Becca Chappell, vice chair of Venable’s International Tax Group, is an accomplished partner whose skills, leadership, and international experience amplify her ability to lead complex tax-related legal issues while advocating for her clients.
Becca’s leadership efforts extend beyond legal matters to the firm’s affinity group - Women Attorneys at Venable (WAVe), and the Venable Foundation Grants Committee. She is also passionate about giving back to the San Francisco Bay Area community through personal activities outside the firm. In this recent Q&A, Becca shares her experiences and commitment to community service, as well as the benefits of supporting other women lawyers.
Q. How did you become involved with WAVe and the mentorship of junior women attorneys at Venable?
A. When one of my mentors, who was both in charge of WAVe for the San Francisco office and a member of the national Steering Committee left a few years ago, I was given the opportunity to fill both of these roles. Getting to be involved with WAVe and being able to tailor it to the needs of the women attorneys in the San Francisco office has been very rewarding. I get to see our women lawyers develop their practices, advocate for themselves, and get over hurdles, which have been especially challenging over the last couple of years.
Q. Are you referring to the challenges arising from the pandemic?
A. Yes. The first time we came together at an in-person meeting post-COVID, it was emotional, and it really showed how much we lean on each other and rally for each other in this office. I’m extremely fortunate to be able to help build that space and see women flourish because of WAVe. It’s a really supportive group, and having that support helps our members feel understood and like they have a leg up. As I moved through my career and became partner, I really wanted to help ensure the next generation have it easier; that they can achieve their goals; and can help shape the future of Venable.
I also enjoy being on the national steering committee because I get to have meetings with amazing women across the firm who I wouldn’t otherwise get to spend time with. We discuss everything from current events to firm policy and how we can help women in the firm succeed. It’s pretty amazing to see the connections I forge with decision makers across the firm because of my role in WAVe.
Q. Are you involved in other activities within Venable?
A. I joined the Venable Foundation Grants Committee, the firm’s philanthropic arm, about four years ago, and what I find really exciting is the diversity of organizations we are able to support within the community. My role as a grant committee member is to help evaluate grant applications and help decide how best to allocate the money that we have.
We look at the Bay Area holistically to see where we can make the most impact, whether that’s through pro bono legal services or other areas. Since I’ve been involved, we’ve expanded more into education and healthcare, and we’re also looking at more organizations with arts and cultural aspects to fund. We’re really trying to touch on all the different aspects of the Bay Area community that make it unique and special. As the San Francisco office has grown and as we’ve brought in more people, we’ve tried to reflect their interests in the way we give and in how the foundation can make an impact.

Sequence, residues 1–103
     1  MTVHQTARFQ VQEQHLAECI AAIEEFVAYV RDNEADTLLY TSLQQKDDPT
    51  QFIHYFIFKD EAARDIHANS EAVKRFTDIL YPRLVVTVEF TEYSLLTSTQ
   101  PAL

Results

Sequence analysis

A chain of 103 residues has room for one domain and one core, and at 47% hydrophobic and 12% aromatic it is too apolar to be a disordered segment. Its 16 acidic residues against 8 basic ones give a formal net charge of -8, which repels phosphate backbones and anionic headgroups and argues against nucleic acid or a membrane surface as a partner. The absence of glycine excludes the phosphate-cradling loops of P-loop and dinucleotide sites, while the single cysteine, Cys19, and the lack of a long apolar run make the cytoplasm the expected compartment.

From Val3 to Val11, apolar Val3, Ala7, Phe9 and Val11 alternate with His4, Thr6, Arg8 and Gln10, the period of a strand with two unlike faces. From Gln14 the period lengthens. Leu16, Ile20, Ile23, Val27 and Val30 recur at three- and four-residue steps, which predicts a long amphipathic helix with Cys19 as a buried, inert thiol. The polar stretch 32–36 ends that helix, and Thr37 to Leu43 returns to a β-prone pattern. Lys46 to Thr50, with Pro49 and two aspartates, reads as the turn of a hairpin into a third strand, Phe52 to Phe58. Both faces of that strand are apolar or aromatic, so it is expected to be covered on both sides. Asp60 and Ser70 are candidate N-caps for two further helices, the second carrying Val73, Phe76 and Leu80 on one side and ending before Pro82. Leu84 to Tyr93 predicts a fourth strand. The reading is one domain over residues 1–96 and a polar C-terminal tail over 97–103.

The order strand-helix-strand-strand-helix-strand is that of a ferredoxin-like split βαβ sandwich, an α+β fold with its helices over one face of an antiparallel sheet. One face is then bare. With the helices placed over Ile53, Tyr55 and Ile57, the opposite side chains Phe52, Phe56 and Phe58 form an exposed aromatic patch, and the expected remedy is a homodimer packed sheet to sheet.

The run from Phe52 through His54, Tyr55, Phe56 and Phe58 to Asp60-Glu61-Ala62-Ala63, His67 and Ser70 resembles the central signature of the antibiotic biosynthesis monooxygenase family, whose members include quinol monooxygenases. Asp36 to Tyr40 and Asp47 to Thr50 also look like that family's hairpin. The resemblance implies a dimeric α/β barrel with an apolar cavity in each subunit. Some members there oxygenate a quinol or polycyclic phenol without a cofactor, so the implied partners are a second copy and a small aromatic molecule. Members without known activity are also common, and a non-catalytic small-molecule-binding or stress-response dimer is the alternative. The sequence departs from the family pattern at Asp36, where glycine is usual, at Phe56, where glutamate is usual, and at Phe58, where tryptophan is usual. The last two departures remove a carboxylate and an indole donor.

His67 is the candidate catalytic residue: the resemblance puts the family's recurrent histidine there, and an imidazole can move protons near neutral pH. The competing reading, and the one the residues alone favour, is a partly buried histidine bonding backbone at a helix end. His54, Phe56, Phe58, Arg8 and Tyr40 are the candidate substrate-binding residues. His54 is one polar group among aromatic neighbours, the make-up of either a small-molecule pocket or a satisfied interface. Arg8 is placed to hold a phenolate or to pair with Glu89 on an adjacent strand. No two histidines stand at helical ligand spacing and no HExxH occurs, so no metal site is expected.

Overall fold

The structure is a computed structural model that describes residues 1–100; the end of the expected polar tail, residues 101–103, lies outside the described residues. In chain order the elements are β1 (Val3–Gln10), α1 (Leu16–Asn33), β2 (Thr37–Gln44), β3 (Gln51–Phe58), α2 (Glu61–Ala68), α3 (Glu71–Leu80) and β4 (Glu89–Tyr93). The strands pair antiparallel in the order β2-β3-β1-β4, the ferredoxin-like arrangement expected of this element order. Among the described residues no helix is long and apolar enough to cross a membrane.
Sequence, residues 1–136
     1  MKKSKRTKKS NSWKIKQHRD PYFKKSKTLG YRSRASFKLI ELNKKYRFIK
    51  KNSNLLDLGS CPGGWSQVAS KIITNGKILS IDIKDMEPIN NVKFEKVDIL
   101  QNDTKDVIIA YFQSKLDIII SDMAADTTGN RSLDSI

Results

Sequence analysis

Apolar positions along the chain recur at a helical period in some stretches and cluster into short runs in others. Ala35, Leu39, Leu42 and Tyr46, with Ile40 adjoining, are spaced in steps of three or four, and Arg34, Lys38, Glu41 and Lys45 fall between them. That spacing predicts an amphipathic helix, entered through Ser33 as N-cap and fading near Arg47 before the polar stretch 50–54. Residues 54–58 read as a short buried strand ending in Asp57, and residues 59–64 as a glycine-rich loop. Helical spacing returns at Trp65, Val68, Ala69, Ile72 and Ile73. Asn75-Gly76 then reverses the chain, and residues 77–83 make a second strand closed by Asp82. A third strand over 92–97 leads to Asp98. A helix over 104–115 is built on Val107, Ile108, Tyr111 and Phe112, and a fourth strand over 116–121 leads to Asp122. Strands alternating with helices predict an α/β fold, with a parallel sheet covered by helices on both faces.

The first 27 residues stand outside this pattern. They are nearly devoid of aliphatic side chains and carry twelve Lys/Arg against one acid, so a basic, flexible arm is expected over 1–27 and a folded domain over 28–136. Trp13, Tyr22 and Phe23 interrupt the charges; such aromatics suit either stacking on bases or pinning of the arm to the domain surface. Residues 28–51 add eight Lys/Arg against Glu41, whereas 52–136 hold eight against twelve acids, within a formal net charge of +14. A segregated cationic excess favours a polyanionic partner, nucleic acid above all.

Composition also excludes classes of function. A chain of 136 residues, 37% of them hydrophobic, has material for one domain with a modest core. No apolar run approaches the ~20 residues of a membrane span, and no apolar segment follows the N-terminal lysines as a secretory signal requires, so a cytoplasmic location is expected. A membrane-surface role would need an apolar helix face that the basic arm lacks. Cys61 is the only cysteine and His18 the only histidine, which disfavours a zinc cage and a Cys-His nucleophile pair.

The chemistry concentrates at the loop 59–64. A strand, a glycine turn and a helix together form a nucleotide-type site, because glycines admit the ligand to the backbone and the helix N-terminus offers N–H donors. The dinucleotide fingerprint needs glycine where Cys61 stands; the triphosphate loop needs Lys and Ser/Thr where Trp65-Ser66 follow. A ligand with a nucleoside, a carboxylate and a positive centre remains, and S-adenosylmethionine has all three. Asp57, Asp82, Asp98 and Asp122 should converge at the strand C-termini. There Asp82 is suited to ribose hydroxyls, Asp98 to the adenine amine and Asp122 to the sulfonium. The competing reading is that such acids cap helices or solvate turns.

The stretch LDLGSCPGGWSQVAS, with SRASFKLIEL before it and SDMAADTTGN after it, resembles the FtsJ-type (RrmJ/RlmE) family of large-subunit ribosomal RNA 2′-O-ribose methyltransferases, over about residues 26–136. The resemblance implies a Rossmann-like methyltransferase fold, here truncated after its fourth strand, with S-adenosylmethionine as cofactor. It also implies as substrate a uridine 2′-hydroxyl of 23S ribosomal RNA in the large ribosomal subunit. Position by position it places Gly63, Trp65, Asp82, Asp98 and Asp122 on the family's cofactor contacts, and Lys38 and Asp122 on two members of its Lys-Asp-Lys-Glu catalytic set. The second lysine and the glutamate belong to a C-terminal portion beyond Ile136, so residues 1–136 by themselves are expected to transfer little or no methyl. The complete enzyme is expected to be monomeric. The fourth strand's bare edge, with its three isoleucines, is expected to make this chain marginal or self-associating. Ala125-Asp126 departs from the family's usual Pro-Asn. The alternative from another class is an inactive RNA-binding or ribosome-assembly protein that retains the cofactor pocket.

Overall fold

Q. What impact do you hope to have on the community through your volunteer activities?
A. I’m hoping to advocate for women and help more women attorneys rise through the ranks at Venable, which is largely why I’m so involved in WAVe. WAVe mentorship has been a huge part of my career development, and I’ve really been able to grow my own practice with mentor guidance. So, it’s been very important for me to be able to pay that forward by helping create a sense of support, community, and togetherness for the women in this office.
More generally through the foundation and my own personal life, I want to help foster that feeling of connectivity between people at Venable and the people within their community.
Q. Has community service always been important to you?
A. Both of my parents are very active community members. My mom is an elementary school teacher in the public school system and my dad is a small business owner. I grew up always thinking that the people around me—my community—was really important, and that I’m a part of that community. My parents have instilled in me the idea that as you ascend in your career and have more resources and a greater ability to make an impact, your philanthropy should grow proportionately. So, it’s always been something that I have done, and I’m excited to be able to do from this vantage point at Venable.
Q. In what other ways do you support local philanthropic organizations and give back to the community of San Francisco, outside of Venable?
A. Animal welfare is certainly where I am dedicating more resources and time in my personal life. I am a big donor to Muttville, which is an organization that I love in the Bay Area. It is a rescue for senior dogs in the city and helps them get adopted. I am also a former adopter from Muttville, so it’s especially near and dear to my heart.
I was also previously involved with the San Francisco Elections Commission, which is a nonpartisan body that oversees the election process in San Francisco to make sure that we have fair, free, and functional elections. I first participated as a member and then served as vice president from 2021 to 2022. It was a really illuminating process to help understand all of the push and pull with local elections, especially in the last few years, as elections have become much more of a key topic in the world. Being a part of the Commission really made me feel that I was helping represent my community and community members’ interests on a more official level, which was very rewarding.